Read Blessings Online

Authors: Belva Plain

Tags: #Romance, #Contemporary


The human heart has hidden treasures, In secret kept, in silence sealed;—



he day on which the sky cracked open over Jennie’s head had begun as gladly as any other day in that wonderful year. It had been the best year of her life until then.

At noon she had been standing with Jay on the lip of the hill that overlooked the wild land called, by the town to which it belonged, the Green Marsh. It was one of those Indian summer intervals, when, after two weeks of rain and premature gray cold, everything suddenly burns again; the distant air burns blue and the near oaks flare red; in the marsh, cattails and spreading juniper glisten darkly after the night’s rain. Canada geese come streaming, honking their long way to the south; and ducks, with a great flapping racket, splash into the pond.

“You see, it’s not all marsh,” Jay explained. “There’s meadow and forest at the other end. Over a thousand acres, all wild. Been here for Lord knows how many thousands of years, just as you see it, untouched. We’re trying to get the state to take it over as part of the wilderness system. That way it’ll be safe forever. But we’ve got to hurry before the New York builders put their bid through.”

“Do you suppose they’ll be able to?”

“God, I hope not. Imagine ruining all this!”

They stood for a little while listening to the silence. Totally at ease, accustomed as they were to quiet hours with each other, they felt no need for a continuous flow of speech.

A small sudden wind blew a dry shower of leaves, and at the bottom of the hill Jay’s children came into sight, running with the wind. They made themselves fall, the two girls rolling their little brother in the leaves. They shrieked; the dog barked; and the wind, carrying the sounds back up the hill, shattered the Sunday peace.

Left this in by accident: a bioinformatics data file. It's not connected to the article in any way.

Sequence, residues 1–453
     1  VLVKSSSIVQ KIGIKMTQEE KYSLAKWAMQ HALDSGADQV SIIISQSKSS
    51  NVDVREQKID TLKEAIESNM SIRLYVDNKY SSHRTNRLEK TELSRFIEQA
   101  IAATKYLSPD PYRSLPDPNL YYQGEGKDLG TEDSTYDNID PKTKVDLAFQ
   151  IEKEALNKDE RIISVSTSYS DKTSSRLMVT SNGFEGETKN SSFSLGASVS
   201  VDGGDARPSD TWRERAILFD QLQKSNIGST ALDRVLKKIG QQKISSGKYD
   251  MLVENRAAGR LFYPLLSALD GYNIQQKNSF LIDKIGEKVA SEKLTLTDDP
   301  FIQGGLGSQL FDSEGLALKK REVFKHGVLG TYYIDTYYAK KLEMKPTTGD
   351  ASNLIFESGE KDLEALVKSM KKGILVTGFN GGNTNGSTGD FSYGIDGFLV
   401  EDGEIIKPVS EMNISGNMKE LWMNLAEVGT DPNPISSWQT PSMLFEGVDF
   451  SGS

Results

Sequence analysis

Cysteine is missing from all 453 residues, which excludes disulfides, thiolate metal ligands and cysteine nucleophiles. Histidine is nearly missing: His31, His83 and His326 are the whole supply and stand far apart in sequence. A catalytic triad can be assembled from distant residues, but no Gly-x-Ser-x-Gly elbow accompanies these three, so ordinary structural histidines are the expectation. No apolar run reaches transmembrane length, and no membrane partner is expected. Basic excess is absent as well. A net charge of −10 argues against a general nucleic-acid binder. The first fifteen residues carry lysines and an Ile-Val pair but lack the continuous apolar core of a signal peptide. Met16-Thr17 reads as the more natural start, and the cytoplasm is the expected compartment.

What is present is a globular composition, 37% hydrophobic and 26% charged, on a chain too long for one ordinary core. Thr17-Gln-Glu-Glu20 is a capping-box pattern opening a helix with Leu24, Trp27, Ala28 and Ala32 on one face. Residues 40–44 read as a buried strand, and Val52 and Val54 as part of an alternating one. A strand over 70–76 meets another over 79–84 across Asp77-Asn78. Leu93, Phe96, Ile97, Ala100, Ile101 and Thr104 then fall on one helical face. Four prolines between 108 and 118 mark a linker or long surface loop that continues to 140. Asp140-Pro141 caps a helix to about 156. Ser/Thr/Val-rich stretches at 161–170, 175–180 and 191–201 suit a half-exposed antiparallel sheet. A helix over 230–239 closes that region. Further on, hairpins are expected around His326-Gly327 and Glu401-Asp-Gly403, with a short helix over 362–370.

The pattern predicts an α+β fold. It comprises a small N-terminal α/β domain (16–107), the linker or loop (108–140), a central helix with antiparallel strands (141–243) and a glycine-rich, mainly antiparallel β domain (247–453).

“Darling,” Jay said.

Turning to him, Jennie knew that he had been watching her while she watched his children.

“I’m happier than anyone has a right to be,” she murmured.

He searched her face with such intensity, such love, that she felt an ache in her throat.

“Oh, Jennie, I can’t tell you … You give me …” He threw out his arms to encompass the whole bright scene in one characteristic, generous gesture. “I never thought …” Not finishing, he put his arms around her shoulders and drew her close.

Into the curve of his arm she settled, feeling a perfect happiness. Memory ran backward to the beginning of this miracle. A year and a half before, when they had first met, Jay had been a widower for two years, his young wife having died most terribly of cancer. He had been left with two small girls and an infant son, a rather grand Upper East Side apartment, and a partnership in one of New York’s most prestigious law firms, a position not inherited as sometimes happens, but earned through merit and hard effort. One of the first things Jennie had observed about Jay had been a strained expression that might signify anxiety, overwork, loneliness, or all of these. Certainly if loneliness was a problem, the city had enough desirable young women to fill a man’s vacant hours, especially those of a tall young man with vivid eyes and a charming cleft in his chin. When she knew him better, she understood that he had been very, very careful about involvements because of his children. Some of his friends had asked her whether she didn’t find his devotion to the children a bore or a hindrance; on the contrary, she admired it, was glad of it, and would have thought less of him if he had not felt a loving, deep responsibility toward them.

She turned her face up now to see his. Yes, the look of strain was definitely gone, along with that nervous habit of pulling a strand of hair at his temple, and along with smoking too much and sleeping too little. Indeed, this last month he had stopped smoking altogether. Smiles came easily now, and certainly he looked much younger than thirty-eight.

“What are you staring at, woman?” “I like you in plaid shirts and jeans.” “Better than in my Brooks Brothers vest?” “I like you best in nothing at all, since you ask.” “Same to you. Listen, I was thinking just now, would you like to have a little summer place up around here? We could build something at the far end of my parents’ property, or somewhere else, or not at all. You choose.” “I can’t think. I’ve never had so many choices in my life!”